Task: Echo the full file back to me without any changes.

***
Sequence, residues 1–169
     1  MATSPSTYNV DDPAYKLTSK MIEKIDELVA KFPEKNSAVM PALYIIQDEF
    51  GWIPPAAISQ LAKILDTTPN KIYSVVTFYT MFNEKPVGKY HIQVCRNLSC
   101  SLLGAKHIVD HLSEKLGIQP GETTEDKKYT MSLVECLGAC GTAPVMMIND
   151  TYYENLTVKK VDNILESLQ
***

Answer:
Sequence, residues 1–169
     1  MATSPSTYNV DDPAYKLTSK MIEKIDELVA KFPEKNSAVM PALYIIQDEF
    51  GWIPPAAISQ LAKILDTTPN KIYSVVTFYT MFNEKPVGKY HIQVCRNLSC
   101  SLLGAKHIVD HLSEKLGIQP GETTEDKKYT MSLVECLGAC GTAPVMMIND
   151  TYYENLTVKK VDNILESLQ